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Britain’s Decision to Label Hizb ut-Tahrir as a Terrorist Organization Sparks Controversy

Top NewsBritain's Decision to Label Hizb ut-Tahrir as a Terrorist Organization Sparks Controversy
The recent decision by the UK government to designate Hizb ut-Tahrir as a “terrorist” organisation has ignited a contentious debate. The move stems from allegations that the group is anti-Semitic and promotes terrorism, prompting fervent discussions in Parliament regarding the legality of joining Hizb ut-Tahrir under terrorism laws.

An Anti-Semitic Allegation

Home Secretary James Cleverly has categorically labelled Hizb ut-Tahrir as an anti-Semitic organisation, citing its purported promotion and endorsement of terrorism. The Home Office contends that the group’s celebration of the October 7 Hamas attacks on southern Israel and its portrayal of Hamas members as heroes on its website constitute an endorsement of terrorism. Cleverly also highlighted the group’s history of praising and celebrating attacks on Jewish people, further bolstering the allegations against Hizb ut-Tahrir.

Political History and International Presence

This is not the first time that attempts have been made to ban Hizb ut-Tahrir in the UK. Former Prime Ministers Tony Blair and David Cameron had previously initiated similar efforts during their tenures, albeit without success. The organization, with its origins dating back to 1953 and its headquarters located in Lebanon, boasts a presence in 32 countries, including the United States, Canada, and Australia. It has articulated a longstanding objective of establishing a caliphate governed by Islamic law, as confirmed by the Home Office.

Global Standing and Potential Ramifications

While Hizb ut-Tahrir is already prohibited in various countries such as Bangladesh, Egypt, and Germany, the potential designation as a “terrorist” organization in the UK would significantly amplify its standing. The government’s proposal aims to place the group in the same category as other designated entities like al-Qaeda and ISIL (ISIS), thereby escalating the legal repercussions associated with supporting Hizb ut-Tahrir. If Parliament ratifies this decision, individuals found supporting the group could face up to 14 years in prison, in addition to the possibility of asset seizures.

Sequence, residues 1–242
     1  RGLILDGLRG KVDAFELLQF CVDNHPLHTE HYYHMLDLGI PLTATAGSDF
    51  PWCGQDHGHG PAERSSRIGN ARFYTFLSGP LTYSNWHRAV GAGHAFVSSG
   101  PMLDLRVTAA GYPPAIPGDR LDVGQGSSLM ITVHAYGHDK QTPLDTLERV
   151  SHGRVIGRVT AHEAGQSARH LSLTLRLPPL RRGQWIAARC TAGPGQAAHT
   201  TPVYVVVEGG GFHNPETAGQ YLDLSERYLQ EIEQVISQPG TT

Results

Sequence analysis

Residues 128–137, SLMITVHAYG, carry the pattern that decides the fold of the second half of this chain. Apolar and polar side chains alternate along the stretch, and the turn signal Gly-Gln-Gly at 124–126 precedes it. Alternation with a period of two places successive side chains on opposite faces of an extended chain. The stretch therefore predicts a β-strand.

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Political Responses and Support

The impending debate has attracted diverse reactions from political figures. Labour Party Home Secretary Yvette Cooper has voiced support for the government’s move, emphasizing that those inciting violence and promoting terrorism have no place in British society. Conversely, Hizb ut-Tahrir has dismissed the call to ban the organization in Britain as a manifestation of desperation, underscoring the contentious nature of the decision and its implications.


As the debate advances in Parliament, the complex and multifaceted nature of the issue continues to fuel intense deliberations. The potential ramifications of designating Hizb ut-Tahrir as a “terrorist” organization, coupled with the contrasting perspectives and responses from political figures, epitomize the gravity and complexity of the situation. It remains to be seen how the debate will unfold, with far-reaching implications for both the organization and the broader sociopolitical landscape.
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